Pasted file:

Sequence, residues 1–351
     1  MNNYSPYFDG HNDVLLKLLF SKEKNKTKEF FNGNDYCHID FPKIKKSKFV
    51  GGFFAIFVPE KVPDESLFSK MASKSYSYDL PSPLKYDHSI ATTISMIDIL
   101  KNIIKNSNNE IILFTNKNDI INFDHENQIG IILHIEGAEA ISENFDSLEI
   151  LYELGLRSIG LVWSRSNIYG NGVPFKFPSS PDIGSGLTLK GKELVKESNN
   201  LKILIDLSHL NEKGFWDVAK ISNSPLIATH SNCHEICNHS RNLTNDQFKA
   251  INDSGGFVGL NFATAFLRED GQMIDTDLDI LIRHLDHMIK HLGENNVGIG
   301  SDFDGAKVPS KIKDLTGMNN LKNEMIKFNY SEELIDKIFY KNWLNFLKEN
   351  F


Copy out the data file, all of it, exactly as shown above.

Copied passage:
Sequence, residues 1–351
     1  MNNYSPYFDG HNDVLLKLLF SKEKNKTKEF FNGNDYCHID FPKIKKSKFV
    51  GGFFAIFVPE KVPDESLFSK MASKSYSYDL PSPLKYDHSI ATTISMIDIL
   101  KNIIKNSNNE IILFTNKNDI INFDHENQIG IILHIEGAEA ISENFDSLEI
   151  LYELGLRSIG LVWSRSNIYG NGVPFKFPSS PDIGSGLTLK GKELVKESNN
   201  LKILIDLSHL NEKGFWDVAK ISNSPLIATH SNCHEICNHS RNLTNDQFKA
   251  INDSGGFVGL NFATAFLRED GQMIDTDLDI LIRHLDHMIK HLGENNVGIG
   301  SDFDGAKVPS KIKDLTGMNN LKNEMIKFNY SEELIDKIFY KNWLNFLKEN
   351  F